Anyone who tries quitting smoking weed often has the best of intentions, but following through to success eludes many. The tips provided below will help you accomplish your dream. Read them carefully. Make the commitment to quit for good!
To raise the probability that you will succeed in your wish to quit smoking weed, try compiling a list on paper of the positive and negative consequences of quitting. When you write something down, it can work to adjust your frame of mind. Your efforts will be easier this way because you will be focused on your goal.
Treat smoking weed cessation like kicking any other addiction: as a series of days of sobriety. This is a process that could take months before results are apparent. Do not allow yourself to worry about what will happen next week, next month or even next year. Take it one day at a time and as each day turns into another, your efforts to quit will gather into a smoke free future.
Smoking weed cessation is one of the few times when it is best to procrastinate; delay tactics are often an effective strategy. Try to distract your mind and your body for 10 minutes by going for a walk or calling a friend; in this time your urge will probably have passed. If you still do crave a cigarette, continuing using this tactic until it finally works.
You might want to look into therapy to help with nicotine replacement. Withdrawals from nicotine can cause feelings of frustration, irritability, depression and restlessness. Cravings can be difficult to ignore. You may find that nicotine replacement therapy will help reduce these feelings. There are many studies that show using gum, lozenges, or nicotine patches increases the chance of quitting. It is not recommended that you use a nicotine replacement product and smoke at the same time, though.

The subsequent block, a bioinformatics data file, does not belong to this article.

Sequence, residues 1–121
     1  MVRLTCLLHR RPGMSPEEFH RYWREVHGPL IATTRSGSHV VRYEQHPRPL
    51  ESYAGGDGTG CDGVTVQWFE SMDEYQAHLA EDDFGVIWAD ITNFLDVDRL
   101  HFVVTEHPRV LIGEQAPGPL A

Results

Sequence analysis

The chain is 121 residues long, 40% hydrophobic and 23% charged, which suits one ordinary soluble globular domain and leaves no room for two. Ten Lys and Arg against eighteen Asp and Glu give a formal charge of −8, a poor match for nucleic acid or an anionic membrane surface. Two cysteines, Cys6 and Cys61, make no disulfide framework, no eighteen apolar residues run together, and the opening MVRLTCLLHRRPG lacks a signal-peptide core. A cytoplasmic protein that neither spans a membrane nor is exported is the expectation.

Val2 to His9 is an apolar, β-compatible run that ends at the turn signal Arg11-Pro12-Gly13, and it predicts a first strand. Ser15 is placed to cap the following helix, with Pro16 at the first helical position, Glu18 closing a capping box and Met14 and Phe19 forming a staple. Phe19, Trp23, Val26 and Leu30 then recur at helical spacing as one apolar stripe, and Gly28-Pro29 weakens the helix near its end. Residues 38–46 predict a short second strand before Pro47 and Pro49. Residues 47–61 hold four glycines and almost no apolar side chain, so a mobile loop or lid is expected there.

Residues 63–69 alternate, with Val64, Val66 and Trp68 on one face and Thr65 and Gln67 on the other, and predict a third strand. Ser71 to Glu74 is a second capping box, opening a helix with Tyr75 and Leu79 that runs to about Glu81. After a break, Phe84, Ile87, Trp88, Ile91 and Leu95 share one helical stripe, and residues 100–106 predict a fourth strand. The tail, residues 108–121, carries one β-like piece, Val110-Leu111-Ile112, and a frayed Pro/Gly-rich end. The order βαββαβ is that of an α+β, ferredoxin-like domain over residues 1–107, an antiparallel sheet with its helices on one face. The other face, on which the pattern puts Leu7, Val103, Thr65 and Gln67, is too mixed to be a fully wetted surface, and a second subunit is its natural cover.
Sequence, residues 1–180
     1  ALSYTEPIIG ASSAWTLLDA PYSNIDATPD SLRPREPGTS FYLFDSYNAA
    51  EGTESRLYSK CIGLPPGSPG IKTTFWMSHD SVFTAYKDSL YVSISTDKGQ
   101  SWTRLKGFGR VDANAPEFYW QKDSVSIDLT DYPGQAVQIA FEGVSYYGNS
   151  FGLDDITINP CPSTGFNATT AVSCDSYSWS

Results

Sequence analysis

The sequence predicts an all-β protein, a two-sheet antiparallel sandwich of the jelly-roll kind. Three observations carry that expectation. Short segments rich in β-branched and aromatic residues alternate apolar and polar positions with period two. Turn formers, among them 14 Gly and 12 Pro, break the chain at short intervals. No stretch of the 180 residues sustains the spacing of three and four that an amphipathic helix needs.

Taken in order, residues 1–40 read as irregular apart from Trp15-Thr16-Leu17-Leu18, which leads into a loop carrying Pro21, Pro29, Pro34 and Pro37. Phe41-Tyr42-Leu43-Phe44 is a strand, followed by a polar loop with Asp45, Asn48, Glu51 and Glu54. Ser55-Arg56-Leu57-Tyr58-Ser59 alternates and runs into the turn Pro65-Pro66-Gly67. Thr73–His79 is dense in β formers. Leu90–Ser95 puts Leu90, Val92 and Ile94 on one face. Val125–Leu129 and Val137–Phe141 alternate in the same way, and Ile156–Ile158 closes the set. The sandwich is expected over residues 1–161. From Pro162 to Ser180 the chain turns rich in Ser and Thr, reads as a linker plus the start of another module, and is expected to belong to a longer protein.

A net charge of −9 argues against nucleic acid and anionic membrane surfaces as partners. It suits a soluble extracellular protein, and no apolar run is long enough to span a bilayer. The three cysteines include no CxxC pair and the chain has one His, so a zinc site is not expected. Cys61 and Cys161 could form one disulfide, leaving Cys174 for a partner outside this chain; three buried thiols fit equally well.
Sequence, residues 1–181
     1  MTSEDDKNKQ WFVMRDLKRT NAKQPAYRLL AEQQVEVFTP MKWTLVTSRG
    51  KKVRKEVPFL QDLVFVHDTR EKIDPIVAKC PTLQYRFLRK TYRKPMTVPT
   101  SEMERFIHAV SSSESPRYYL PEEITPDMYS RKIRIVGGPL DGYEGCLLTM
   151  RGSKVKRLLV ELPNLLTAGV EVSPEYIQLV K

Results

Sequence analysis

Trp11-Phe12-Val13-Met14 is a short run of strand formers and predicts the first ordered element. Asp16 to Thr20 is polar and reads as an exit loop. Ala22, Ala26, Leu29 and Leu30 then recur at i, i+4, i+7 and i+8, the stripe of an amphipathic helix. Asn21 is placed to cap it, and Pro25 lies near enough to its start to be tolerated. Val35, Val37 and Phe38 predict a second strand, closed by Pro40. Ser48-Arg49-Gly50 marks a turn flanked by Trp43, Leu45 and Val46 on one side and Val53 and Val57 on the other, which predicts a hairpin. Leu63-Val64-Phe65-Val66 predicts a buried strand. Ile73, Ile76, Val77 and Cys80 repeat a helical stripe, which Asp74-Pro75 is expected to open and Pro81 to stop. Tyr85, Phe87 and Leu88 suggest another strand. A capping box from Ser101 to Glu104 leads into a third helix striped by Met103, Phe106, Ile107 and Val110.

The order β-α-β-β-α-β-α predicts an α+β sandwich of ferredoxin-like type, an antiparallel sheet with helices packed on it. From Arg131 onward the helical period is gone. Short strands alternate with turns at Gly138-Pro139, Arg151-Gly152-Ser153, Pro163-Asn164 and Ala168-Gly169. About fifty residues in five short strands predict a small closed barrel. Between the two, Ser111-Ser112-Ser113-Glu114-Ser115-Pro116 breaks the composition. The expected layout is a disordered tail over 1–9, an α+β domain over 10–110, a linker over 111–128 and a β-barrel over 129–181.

If you want to stop smoking weed, talk to your physician. Your physician will likely have access to resources that you are unaware of to help you quit. Your doctor will also be able to write you a prescription for medication to help you quit smoking weed, if he or she feels that it is necessary.
Speak with a doctor if you are trying to stop smoking weed but are coming across difficulty. He can prescribe you a medication to help ease your anxiety, withdrawal symptoms and even irritability. He can also give you information about local support groups, online resources or medical professionals who can help you through it.
If you cannot quit smoking weed cold turkey, use nicotine replacement therapies, such as patches, sprays, inhalers, or gum. These medications, many of which are available over the counter, keep the level of nicotine in your system steady as you work on not smoking weed. They can prevent some of the uncomfortable physical symptoms associated with smoking weed cessation.
Celebrate each milestone along your way to quitting, choosing little rewards you enjoy. For example, when you haven't smoked for additional info a week, go out to the movies. Once a month has passed, go out to dinner at a new restaurant. After that, lengthen the time between rewards until you no longer want to smoke.
After all that you have learned, you should feel a lot more confident in quitting the bad habit of smoking weed for good. If you know another person who is trying to stop smoking weed, share this information with them!